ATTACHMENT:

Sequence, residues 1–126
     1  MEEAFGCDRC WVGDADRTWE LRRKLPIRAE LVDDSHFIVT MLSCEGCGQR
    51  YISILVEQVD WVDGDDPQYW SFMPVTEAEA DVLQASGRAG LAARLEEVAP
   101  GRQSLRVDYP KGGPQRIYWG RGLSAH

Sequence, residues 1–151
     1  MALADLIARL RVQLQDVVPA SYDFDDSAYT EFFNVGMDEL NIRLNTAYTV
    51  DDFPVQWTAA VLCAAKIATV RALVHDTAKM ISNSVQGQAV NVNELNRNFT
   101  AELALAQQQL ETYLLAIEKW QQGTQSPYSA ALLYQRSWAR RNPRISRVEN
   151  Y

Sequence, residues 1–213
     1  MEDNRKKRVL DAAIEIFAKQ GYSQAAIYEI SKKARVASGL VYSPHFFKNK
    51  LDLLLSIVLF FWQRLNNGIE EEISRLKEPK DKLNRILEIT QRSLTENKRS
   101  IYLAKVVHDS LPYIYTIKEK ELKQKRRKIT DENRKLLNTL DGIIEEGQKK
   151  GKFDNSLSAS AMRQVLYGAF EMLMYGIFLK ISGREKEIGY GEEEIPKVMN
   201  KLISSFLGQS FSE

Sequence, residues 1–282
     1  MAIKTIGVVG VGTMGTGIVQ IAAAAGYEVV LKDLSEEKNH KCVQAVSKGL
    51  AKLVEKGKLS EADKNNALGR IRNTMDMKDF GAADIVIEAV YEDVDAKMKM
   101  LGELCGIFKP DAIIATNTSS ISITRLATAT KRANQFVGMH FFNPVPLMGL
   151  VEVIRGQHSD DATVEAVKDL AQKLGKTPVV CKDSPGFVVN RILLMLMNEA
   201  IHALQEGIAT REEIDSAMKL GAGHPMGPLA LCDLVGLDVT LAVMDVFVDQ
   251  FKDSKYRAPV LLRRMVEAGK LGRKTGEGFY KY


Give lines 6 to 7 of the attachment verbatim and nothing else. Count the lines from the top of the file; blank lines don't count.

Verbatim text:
     1  MALADLIARL RVQLQDVVPA SYDFDDSAYT EFFNVGMDEL NIRLNTAYTV
    51  DDFPVQWTAA VLCAAKIATV RALVHDTAKM ISNSVQGQAV NVNELNRNFT